(Bloomberg) -- Germany will fast-track permits for hydrogen projects and end a ban on carbon capture and storage as the nation tries to clean-up its fossil-fuel intensive industry.

The government will make it easier to get development permits with shorter environmental checks for production, storage and transport of hydrogen. Europe’s biggest economy wants to cut carbon emissions 65% by 2030 to reach net zero by 2045, five years earlier than the European Union.

Germany will support the move with “a lot of funding,” Michael Kellner, Parliamentary State Secretary for the economy ministry, said at the Green Hydrogen Innovation Congress in Dresden. This year, it’s planning €4.6 billion ($5 billion), according to Kellner.

Germany plans to replace its coal and lignite power plants with natural gas in the next decade. The government wants these gas stations to be able to switch to hydrogen in the future to help power its energy-hungry industries. The country is among the world’s first to have presented a draft for a core hydrogen network to link its main industrial hubs, stretching 9,600 kilometers (6,000 miles). Lower natural gas prices have slowed the economic push to move to hydrogen, and across the world projects are stalling with companies slow to put money on the table.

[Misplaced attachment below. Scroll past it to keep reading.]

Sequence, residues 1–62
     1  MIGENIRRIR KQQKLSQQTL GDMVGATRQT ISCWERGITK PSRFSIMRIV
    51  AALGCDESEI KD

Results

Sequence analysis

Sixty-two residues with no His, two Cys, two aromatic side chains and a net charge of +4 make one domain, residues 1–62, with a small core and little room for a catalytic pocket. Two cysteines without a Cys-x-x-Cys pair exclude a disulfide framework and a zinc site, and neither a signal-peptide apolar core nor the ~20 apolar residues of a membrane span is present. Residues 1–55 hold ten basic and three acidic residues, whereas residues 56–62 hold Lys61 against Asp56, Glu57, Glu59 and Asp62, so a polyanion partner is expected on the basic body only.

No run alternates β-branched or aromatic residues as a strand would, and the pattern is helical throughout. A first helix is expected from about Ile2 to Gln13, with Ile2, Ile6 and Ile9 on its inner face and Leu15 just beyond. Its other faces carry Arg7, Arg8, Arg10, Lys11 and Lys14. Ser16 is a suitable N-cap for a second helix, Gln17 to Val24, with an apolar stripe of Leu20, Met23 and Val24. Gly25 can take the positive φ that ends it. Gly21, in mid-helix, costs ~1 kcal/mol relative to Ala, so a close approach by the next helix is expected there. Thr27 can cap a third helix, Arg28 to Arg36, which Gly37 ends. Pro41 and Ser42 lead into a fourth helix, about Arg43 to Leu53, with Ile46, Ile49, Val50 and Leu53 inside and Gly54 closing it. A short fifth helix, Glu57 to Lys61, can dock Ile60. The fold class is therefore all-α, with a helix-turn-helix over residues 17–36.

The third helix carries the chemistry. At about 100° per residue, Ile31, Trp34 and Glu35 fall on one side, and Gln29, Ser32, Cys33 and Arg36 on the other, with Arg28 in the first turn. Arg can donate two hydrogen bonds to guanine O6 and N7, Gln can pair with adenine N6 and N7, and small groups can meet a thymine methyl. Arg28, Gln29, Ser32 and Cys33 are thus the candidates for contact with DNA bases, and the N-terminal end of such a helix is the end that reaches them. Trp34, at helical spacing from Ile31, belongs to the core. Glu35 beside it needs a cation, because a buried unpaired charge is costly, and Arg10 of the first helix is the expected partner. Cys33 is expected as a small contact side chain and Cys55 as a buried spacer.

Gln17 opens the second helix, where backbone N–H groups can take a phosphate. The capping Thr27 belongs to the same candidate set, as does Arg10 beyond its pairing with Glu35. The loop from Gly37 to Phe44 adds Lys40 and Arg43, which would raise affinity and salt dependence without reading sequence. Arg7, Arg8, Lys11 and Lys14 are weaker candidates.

But Berlin is pushing ahead. Earlier this month, the national hydrogen council, a governmental advisory body, increased its estimate for the country’s future hydrogen demand by 14% by 2030.

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For sectors that cannot decarbonize with hydrogen — such as cement or waste incineration — carbon capture, storage and utilization will become possible in Germany. The draft law also includes an option for the technology for gas-fired power plants.

The government is set to pass the so-called Hydrogen Acceleration Act and the Carbon Management Strategy in cabinet on Wednesday.

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